Federer expects 'tougher' Gasquet in US Open quarterfinal
Sep. 08, 2015
NEW YORK (AP) — Roger Federer is impressed by Richard Gasquet's recent play, one guy with a sweet one-handed backhand appreciating another.
The 17-time major champion remembers what Gasquet did against Federer's countryman, Stan Wawrinka, in the quarterfinals of the previous major. The Frenchman won the fifth set 11-9 at Wimbledon with the sort of gritty performance he hasn't been known for in his career.
Now he meets Federer in the U.S. Open quarterfinals Wednesday night.
"I'm not sure if I've seen maybe Gasquet play as well as he has right now," Federer said.
At Wimbledon, the Swiss great added, "He had a good attitude. He was fighting. Good shot selection. It was nice. Now he's backing it up."
In last year's Davis Cup final, Federer beat Gasquet in straight sets to clinch the title for Switzerland, part of his 14-2 record against the Frenchman.
"He kind of went away" is how Federer describes his opponent's performance that day. At two straight majors now, the 12th-seeded Gasquet is showing signs that won't happen again.
A one-time teen prodigy who won the U.S. Open junior title at age 16, Gasquet, now 29, is still trying to fulfill that promise.
"I feel like this could be one of the tougher Gasquets I've played in previous years," Federer said, "so I expect it to be difficult."
The winner of their match will face Wawrinka or Kevin Anderson. Wawrinka is a two-time major champion, while Anderson is making his first Grand Slam quarterfinal appearance after stunning Andy Murray on Monday. Yet the big-serving South African is the one who has won their last four meetings.
"I feel like I'm able — at least I have been in our matches — to stay with him from the back," Anderson said. "When I've been aggressive, I've been able to keep him at bay."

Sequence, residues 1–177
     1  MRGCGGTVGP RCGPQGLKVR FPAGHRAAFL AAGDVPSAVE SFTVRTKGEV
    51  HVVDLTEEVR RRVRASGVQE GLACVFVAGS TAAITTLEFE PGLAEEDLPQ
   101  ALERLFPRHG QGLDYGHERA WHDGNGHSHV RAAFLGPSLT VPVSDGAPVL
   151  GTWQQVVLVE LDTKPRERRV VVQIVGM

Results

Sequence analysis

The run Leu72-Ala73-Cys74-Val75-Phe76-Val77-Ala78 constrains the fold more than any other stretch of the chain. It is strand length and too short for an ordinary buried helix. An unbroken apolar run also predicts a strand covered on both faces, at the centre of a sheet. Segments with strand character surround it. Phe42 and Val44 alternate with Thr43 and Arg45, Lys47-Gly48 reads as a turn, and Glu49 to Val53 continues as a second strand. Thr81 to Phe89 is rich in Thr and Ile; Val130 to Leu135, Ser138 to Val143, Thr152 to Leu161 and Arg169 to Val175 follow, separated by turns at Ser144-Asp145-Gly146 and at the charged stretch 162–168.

He hopes the U.S. Open fans will embrace him as one of their own. Anderson is working to become an American citizen, though he doesn't plan to represent the United States in competition. He has lived in the country for a decade — he played college tennis at Illinois — and his wife, a former Illini golfer, is American.
At age 29, Anderson has reached a career-high ranking of 14th. His next opponent is the perfect role model for his faith that he can peak in his early 30s. Wawrinka was almost 29 when he won his first major title at the Australian Open last year. Anderson believes the late start to his pro career saved wear and tear on his body.
"He knows what it takes," Anderson said of Wawrinka. "He's been in that position. It's my first time, but I feel like I'm hitting the ball very well."
Wednesday's two women's quarterfinals pit a player who always seems to thrive at the U.S. Open against one who used to wilt in New York's late-summer heat.
Two-time Australian Open champ Victoria Azarenka, whose ranking is down to 20th after two injury-plagued seasons, took Serena Williams to three sets in the 2012 and '13 U.S. Open finals and has been giving some glimpses of that level of play. Her opponent, Simona Halep, may be seeded second, but this is her first quarterfinal at Flushing Meadows.
In the first match, 26th-seeded Flavia Pennetta is in the U.S. Open quarters for the sixth time in seven years. Asked about visiting New York, she said that "for two weeks is perfect. More? No."
"It's too crowded," she explained. "Too much traffic. I am a person for a small city."
Petra Kvitova would agree — and she has made clear in the past she doesn't even enjoy two weeks in the big city.
Not that she had ever stayed that long. This is the first U.S. Open quarterfinal appearance for the two-time Wimbledon champ.
She didn't expect 2015 would be the year to break the drought after she suffered from mononucleosis this summer. Strangely enough, the illness might have contributed to her breakthrough run: She felt less pressure of expectations and less fatigue because she hasn't been able to practice as much.
And the fifth-seeded Kvitova is working harder to embrace the bustle of the Big Apple. She tweeted a photo Tuesday of herself hailing a cab with the comment: "Do I look like a New Yorker or what?!"